Sunday, June 1, 2014

Beer in Europe ~ le quatrieme part

Enlightenment is at hand.  Truly.  It is.

... the Half Man Quadruple... at 11 percent ETOH...

I consulted The Oracle.  It is he I must thank for bringing my mind back to What's Important.

The Oracle happens to be a good friend and former colleague from the Software Engineering Wars we engaged in at a company we used to work for.  It is this trained in physics (as in science) Oracle who suggested that wherever you retire is where you'll put down roots.  Wise Man he is.  So it was natural that I would ask Don about beer.

Don has brewed beer for many years and shared a bottle or two of the delicious stuff.  His kind suggestions and comments have Cleared the Mind, as it were.  I can more clearly see the Lay of the Land of Beervana.  With these words -  I am no authority, but I have no objection to your passing my comments along - we begin.

... um... the year 1062?  Really??... WOW!...

First, a reminding comment about present styles of beer -
Beer, at least in modern times,  is generally divided into two main categories: Lager and Ale.

These are based on the type of yeast that is used.
Lager is generally fermented slowly at fairly cool temperatures.
Ale is generally fermented more quickly at normal room temperature.

Some people distinguish a third class of beers, Spontaneous.
This would be like one of the Belgium beers that is fermented by whatever happens to fall into the vat.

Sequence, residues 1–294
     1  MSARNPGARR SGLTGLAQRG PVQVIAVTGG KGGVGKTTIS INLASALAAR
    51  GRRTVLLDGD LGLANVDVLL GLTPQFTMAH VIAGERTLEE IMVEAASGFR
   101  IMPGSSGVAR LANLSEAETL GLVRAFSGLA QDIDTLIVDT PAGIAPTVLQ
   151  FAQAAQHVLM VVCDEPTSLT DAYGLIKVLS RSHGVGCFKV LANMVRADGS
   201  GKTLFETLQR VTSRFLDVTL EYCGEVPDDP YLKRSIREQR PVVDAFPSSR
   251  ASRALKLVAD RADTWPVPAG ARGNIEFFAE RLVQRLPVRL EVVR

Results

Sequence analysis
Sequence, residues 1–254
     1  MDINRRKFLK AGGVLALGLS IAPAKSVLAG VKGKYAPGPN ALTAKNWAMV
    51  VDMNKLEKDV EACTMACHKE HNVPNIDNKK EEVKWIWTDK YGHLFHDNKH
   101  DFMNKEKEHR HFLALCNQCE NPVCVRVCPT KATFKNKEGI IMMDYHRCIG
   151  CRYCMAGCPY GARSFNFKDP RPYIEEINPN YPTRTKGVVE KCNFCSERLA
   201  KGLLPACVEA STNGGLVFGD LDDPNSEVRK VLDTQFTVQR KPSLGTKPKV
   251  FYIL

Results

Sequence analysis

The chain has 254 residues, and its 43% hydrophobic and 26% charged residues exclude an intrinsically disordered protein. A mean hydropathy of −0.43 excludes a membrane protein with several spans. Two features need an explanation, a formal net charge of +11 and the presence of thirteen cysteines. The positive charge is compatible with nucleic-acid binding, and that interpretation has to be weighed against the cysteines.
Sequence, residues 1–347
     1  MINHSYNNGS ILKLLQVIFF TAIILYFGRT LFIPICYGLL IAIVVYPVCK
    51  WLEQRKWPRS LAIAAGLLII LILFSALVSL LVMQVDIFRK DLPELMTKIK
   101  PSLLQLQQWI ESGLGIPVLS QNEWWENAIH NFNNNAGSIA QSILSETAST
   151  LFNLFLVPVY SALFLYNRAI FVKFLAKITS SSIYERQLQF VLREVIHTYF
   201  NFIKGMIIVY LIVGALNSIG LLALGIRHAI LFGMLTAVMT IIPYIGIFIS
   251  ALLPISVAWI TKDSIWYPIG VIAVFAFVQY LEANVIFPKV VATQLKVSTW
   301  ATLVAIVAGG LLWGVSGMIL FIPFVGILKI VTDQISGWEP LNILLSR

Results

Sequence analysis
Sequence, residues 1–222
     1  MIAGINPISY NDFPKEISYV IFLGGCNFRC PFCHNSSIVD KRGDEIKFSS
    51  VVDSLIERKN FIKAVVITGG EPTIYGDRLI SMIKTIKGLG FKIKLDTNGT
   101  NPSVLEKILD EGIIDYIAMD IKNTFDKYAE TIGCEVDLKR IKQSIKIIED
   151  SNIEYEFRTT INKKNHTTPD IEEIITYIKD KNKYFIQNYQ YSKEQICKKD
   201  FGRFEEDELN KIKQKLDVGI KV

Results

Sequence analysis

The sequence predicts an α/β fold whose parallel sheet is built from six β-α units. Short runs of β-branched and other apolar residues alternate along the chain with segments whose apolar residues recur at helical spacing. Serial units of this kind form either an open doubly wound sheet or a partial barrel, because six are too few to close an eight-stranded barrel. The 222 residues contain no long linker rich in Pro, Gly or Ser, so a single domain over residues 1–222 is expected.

... what can a brewer learn in only
eight hundred years...?
Second, a few comments about hops and why they are used in present times -
Again over the millennia, preserving the fermented juice has always been problematic. An unimaginable variety of herbs and spices have been used in an attempt to preserve the product.  Hops are a relatively recent (in the grand scheme of things) solution to preserving the beer.  

Various styles have evolved often in response to conditions.  Scottish Ale for instance, brewed in a cooler clime, is high in malt and low in hops with a balance towards sweetness.
India Pale Ale, intended for shipment to the troops in sunny climes, is high in alcohol and was hopped very strongly to help preserve it before the days of refrigeration.
From this I take it that the introduction of hops in the beer making process was not an inevitability.  There have been many beer preserving solutions that were tried and discarded. I can imagine that this is because either the approach simply did not work, or because it was taxed by The Church or other Controllers of Local Economies.

I can also see where some of the beers I've enjoyed would not contain hops of any kind.  In particular, abbey beer recipes that pre-date the Age of Hops contain none of that preserving nonsense.  Perhaps it is that beer is meant to be Drunk Young?  One can only hope.
Barley wine. Expensive.  15percent ETOH.
Drink a bottle and go to sleep.
Third, a thought on beer terminology -
Terminology about styles of beer is probably as varied by region and the beers themselves.
Indeed.  Potentially confusing stuff, this.  Without a common language how can we know what we're drinking?
le cinquième part suivre...

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